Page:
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Wednesday, April 22

  1. page Knossos edited =---- = The Palace at Knossos Peaceful Trade Ventures ... {linear_a_script.jpg} Linear A scr…
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    The Palace at Knossos
    Peaceful Trade Ventures
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    {linear_a_script.jpg} Linear A scriptWriting
    It is believed that the Minoan contact with Egypt helped influence early writing. By 3,000 B.C.E. the Cretans at Knossos were in enough contact with northern Africa to nearly copy their hieroglyphic designs (Smith, 2008). At first hieroglyph-like pictures were used as symbols representing objects and were specifically used for record keeping; over 2,000 clay tablets have been found in different rooms at Knossos alone (Martin, 2000). This type of writing was found on clay tablets and especially on seals. The seals had up to eight sides; the sides are so similar on all the discovered seals that it is believed to be a basic formula describing fruit, olive oil, or wine and the name or title of a person or place (Haarmann, 1996). Eventually the pictographic writing evolved into a linear form representing word sounds. Called Linear A, it remains largely undeciphered but recent studies suggest that it might be Indo-European. It is understood well enough to a degree to see that it was mainly used for list keeping and accounting, supporting the economic status of Knossos. The Minoans were meticulous about their record keeping and even kept records of sacrificial offerings (Martin, 2000). Egyptians were notorious list makers as well. {linear_b_tablet.jpg} Linear B script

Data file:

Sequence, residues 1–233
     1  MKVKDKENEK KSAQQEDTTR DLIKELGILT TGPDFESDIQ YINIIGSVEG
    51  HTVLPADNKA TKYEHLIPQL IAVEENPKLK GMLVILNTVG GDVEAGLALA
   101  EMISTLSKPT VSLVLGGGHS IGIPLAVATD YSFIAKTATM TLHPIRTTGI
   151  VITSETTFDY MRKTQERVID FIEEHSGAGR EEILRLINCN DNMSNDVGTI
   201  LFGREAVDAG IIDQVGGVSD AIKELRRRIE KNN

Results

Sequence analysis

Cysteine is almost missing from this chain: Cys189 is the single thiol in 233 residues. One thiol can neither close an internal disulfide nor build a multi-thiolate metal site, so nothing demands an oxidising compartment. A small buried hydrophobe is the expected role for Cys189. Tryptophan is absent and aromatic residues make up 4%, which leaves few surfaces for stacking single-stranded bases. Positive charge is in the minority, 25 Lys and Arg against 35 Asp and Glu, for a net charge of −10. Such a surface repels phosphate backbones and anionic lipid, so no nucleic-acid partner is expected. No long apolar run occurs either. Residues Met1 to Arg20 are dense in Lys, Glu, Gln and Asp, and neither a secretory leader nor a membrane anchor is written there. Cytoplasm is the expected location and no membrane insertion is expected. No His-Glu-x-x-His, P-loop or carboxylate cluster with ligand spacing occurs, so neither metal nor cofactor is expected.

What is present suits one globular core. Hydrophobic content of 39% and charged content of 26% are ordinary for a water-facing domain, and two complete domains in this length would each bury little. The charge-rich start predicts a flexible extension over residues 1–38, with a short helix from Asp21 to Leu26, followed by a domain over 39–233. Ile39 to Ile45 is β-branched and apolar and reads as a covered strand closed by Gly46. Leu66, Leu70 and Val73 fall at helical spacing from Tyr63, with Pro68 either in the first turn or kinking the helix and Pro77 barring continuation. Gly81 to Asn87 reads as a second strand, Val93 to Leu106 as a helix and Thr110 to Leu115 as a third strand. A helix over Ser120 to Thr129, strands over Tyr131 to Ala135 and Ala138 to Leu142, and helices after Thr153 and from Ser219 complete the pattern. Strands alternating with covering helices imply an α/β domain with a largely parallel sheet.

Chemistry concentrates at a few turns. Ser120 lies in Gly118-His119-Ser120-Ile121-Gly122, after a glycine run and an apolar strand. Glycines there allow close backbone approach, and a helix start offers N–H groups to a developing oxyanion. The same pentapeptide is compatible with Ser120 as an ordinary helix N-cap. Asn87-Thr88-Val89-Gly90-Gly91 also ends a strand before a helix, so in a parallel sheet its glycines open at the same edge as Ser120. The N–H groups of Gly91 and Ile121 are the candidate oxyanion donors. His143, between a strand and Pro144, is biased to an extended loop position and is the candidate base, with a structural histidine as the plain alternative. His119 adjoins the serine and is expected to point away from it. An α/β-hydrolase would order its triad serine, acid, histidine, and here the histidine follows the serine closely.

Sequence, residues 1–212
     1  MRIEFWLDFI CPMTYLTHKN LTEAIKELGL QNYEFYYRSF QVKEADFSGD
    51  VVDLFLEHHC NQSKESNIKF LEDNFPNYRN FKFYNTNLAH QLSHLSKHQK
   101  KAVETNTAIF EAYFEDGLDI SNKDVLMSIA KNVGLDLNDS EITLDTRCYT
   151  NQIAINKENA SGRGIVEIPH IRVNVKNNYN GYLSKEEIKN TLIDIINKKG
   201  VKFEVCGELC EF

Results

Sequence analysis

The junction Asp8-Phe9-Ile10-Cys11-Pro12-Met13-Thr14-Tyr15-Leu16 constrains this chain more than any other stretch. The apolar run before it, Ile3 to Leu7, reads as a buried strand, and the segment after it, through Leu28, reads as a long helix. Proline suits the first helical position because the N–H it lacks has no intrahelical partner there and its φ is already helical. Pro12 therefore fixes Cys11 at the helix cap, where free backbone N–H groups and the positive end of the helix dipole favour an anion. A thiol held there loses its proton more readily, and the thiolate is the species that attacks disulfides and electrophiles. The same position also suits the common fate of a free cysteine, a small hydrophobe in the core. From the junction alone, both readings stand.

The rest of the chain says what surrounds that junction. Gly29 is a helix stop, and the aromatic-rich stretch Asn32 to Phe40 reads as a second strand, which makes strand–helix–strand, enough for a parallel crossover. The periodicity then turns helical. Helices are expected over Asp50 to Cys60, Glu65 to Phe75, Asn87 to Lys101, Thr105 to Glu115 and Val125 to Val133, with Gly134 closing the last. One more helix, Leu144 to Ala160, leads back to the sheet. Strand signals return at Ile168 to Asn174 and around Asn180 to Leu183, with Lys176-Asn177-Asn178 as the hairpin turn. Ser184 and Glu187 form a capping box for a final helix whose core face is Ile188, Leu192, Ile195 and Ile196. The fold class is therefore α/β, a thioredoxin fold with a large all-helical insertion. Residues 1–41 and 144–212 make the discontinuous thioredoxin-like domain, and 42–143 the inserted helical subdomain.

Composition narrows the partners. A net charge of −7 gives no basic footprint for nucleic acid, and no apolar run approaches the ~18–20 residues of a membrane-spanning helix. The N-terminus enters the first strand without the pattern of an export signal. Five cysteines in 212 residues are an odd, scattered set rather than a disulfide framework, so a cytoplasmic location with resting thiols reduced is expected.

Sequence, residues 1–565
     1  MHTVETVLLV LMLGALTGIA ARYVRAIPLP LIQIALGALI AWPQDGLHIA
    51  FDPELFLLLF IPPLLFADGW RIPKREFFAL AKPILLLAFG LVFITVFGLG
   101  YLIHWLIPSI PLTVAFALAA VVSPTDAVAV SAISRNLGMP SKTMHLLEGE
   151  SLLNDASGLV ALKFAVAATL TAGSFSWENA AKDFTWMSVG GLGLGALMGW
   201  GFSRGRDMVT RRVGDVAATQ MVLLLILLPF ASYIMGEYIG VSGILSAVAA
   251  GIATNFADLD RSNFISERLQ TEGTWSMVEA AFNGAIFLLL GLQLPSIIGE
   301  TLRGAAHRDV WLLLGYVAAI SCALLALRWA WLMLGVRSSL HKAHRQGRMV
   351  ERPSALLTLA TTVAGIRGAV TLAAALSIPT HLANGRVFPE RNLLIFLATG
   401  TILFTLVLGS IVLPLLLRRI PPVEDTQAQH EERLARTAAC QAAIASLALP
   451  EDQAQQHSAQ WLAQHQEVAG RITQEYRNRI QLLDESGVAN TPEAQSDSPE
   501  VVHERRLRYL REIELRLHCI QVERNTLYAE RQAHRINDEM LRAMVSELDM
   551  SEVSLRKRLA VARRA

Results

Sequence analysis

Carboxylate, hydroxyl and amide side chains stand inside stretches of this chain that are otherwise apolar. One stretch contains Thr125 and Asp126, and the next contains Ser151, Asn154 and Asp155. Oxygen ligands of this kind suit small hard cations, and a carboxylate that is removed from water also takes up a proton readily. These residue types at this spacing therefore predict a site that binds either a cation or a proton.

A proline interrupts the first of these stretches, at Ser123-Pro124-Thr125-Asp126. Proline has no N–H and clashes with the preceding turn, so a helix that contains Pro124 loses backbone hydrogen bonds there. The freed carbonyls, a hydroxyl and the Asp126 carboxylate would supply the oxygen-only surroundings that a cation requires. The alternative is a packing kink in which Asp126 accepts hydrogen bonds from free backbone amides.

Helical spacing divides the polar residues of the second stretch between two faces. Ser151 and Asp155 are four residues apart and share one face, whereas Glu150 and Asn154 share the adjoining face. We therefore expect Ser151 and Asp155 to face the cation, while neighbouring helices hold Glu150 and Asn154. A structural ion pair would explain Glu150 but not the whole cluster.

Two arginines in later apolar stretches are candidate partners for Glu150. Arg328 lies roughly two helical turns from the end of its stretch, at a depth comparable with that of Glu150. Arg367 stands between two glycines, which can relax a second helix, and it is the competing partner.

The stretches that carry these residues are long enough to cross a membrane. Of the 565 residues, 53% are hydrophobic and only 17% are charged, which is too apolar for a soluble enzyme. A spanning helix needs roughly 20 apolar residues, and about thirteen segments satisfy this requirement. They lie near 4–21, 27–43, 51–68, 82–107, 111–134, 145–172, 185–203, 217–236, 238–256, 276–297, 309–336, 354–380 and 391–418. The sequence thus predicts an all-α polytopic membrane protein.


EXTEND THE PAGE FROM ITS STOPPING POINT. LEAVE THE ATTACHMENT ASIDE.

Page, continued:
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    Conclusion
    The Minoans at Knossos prospered with their profitable trade. Their common trade routes encompassed most of the Mediterranean Sea area. We can see by examining the artifacts that remain that they were a peaceful and wealthy community, and exhibited high economic social status with the large quantities of imports and exports. Their location and technologies of the Minoans at Knossos supported their abundant lifestyle, and allowed for trade not only with other countries of the Aegean but even places as far away as northern Africa and the Levant. Unfortunately the peaceful influence of Knossos came to a violent end. The Mycenaeans invaded Crete near 1400 B.C.E. and pushed out the Minoans. There is speculation that the Mycenaean motive was the extreme jealousy of the lavish lifestyle of the Minoans, particularly at palaces like Knossos (Woodman, 2002). Knossos was the last Minoan settlement to fall to the Mycenaeans, who quickly assumed leadership over the Aegean. The peaceful trade at Knossos had come to an end. Numerous warrior tombs found at Knossos contain distinct artifacts resembling those of Mycenae on the mainland after the fall of Knossos (Vermeule, 1963). On a smaller scale the Minoans continued to operate their trade and influence, just more quietly and under Mycenaean rule (Drews 1993).
    (view changes)
    7:34 am
  2. page Knossos edited =---- = The Palace at Knossos Peaceful Trade Ventures ... Stone Vessels {pithoi.jpg} The to…
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    The Palace at Knossos
    Peaceful Trade Ventures
    ...
    Stone Vessels {pithoi.jpg} The total volume of the large stone storage vessels found at Knossos equals approximately 240,000 gallons (Martin, 2000).